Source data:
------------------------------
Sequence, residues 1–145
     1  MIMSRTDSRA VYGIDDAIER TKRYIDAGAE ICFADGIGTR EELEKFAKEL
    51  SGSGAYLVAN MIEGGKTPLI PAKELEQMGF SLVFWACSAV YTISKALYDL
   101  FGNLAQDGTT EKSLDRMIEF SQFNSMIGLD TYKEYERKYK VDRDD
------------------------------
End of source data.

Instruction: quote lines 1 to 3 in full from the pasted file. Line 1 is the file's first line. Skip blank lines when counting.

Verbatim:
Sequence, residues 1–145
     1  MIMSRTDSRA VYGIDDAIER TKRYIDAGAE ICFADGIGTR EELEKFAKEL
    51  SGSGAYLVAN MIEGGKTPLI PAKELEQMGF SLVFWACSAV YTISKALYDL